Why would a flat sheet of paper and a wad of paper with the same mass not fall through the air at the same rate?

(2) Answers

The flat sheet of paper has more surface area than the crumpled ball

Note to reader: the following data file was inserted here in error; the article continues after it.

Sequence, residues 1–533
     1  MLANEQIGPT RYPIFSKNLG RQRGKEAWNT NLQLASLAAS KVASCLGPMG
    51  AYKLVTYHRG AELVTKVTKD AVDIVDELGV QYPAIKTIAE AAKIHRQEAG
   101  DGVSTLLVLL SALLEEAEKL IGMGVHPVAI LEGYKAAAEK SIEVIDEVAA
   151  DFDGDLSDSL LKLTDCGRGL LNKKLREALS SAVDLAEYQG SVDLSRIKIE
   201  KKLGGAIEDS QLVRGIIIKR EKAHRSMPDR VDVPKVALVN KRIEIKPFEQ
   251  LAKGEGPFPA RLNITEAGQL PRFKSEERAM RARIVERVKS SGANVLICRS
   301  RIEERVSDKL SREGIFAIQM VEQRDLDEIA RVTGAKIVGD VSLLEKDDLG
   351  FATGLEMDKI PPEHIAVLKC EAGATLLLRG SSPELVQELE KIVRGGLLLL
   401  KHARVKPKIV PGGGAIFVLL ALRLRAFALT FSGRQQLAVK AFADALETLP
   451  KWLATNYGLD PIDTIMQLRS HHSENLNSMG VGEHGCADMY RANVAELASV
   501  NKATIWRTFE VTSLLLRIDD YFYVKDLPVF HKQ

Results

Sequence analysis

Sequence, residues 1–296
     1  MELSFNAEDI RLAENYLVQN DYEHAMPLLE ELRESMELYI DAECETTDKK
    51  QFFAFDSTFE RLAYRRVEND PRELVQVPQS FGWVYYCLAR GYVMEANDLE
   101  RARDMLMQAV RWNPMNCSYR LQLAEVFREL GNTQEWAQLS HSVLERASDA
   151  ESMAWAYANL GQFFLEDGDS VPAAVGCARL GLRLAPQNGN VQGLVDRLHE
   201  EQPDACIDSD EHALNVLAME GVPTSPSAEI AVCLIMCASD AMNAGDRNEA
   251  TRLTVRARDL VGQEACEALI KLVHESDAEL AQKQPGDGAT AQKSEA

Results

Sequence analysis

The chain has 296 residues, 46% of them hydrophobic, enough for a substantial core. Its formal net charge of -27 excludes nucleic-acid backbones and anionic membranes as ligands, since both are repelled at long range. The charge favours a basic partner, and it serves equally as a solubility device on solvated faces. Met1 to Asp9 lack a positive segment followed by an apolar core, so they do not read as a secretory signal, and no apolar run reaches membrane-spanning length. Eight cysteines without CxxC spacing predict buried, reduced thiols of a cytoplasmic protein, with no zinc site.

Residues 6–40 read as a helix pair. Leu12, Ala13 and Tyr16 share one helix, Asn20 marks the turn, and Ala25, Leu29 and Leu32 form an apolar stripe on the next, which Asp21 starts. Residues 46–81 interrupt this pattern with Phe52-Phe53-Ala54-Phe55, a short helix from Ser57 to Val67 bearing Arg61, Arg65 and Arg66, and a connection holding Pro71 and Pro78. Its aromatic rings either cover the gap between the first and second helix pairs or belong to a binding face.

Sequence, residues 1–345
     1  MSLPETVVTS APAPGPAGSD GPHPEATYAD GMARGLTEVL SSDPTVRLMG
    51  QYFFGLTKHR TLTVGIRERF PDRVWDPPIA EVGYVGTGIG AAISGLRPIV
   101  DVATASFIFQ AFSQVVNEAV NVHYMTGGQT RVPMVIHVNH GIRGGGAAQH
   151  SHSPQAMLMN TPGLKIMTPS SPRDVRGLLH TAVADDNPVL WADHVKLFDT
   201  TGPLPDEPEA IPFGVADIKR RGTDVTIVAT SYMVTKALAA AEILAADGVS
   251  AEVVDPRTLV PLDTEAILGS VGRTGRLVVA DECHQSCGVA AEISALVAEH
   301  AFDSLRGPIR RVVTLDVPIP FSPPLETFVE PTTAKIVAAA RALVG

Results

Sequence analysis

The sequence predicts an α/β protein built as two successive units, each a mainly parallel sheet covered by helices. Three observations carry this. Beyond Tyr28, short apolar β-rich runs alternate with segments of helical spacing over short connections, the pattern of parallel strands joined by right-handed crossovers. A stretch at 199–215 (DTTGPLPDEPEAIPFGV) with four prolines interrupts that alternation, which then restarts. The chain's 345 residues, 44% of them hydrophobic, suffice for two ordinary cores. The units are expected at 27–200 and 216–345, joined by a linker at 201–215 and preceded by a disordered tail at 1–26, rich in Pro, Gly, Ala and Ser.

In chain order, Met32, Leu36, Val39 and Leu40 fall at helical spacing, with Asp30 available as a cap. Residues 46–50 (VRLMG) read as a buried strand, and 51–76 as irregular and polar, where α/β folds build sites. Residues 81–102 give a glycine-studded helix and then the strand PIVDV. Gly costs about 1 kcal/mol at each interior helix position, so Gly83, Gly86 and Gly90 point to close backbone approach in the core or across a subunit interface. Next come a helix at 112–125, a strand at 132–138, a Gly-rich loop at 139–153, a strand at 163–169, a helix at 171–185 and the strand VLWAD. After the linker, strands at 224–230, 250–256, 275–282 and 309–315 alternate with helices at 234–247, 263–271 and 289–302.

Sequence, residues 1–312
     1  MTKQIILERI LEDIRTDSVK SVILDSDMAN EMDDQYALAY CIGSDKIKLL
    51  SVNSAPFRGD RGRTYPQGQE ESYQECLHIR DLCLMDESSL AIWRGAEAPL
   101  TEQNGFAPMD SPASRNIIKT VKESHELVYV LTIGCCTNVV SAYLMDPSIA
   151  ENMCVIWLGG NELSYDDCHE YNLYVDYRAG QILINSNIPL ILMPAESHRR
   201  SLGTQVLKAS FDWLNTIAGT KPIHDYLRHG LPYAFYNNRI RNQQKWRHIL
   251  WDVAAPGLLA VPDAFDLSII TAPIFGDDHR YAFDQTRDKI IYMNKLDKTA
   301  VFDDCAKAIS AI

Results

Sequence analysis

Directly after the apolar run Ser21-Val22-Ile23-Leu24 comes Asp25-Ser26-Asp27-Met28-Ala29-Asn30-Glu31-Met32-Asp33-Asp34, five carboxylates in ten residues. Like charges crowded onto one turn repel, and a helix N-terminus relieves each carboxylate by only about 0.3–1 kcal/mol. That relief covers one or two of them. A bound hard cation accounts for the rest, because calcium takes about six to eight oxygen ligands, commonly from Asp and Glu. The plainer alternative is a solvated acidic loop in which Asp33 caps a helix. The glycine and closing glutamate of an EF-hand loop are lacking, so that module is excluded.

The flat sheet has a larger surface area, so there will be more air resistance upon it. You have two forces on your paper, gravity (down) and normal (up.) Although gravity is stronger than the normal of air, the difference between the down force and the up is smaller. For example: If gravity is 10 newtons and the air resistance is 5, then the force is: 10N-5N= 5N  If gravity is in a vacuum, then air resistance is 0: 10N-0N= 10N In the first example, you get half as much force bringing your paper down, so it will fall at a slower rate.  When the paper is crumpled, the air resistance is lower because their is less surface area for the normal to work on. If gravity is 10 newtons and the air resistance is 2, then the force is: 10N-2N= 8N  More force, falling faster. Ignore this if you don't want to be confused:  Technically, they do fall at the same rate, because all objects fall at the same speed regardless of mass. The illusion of time difference comes from friction.

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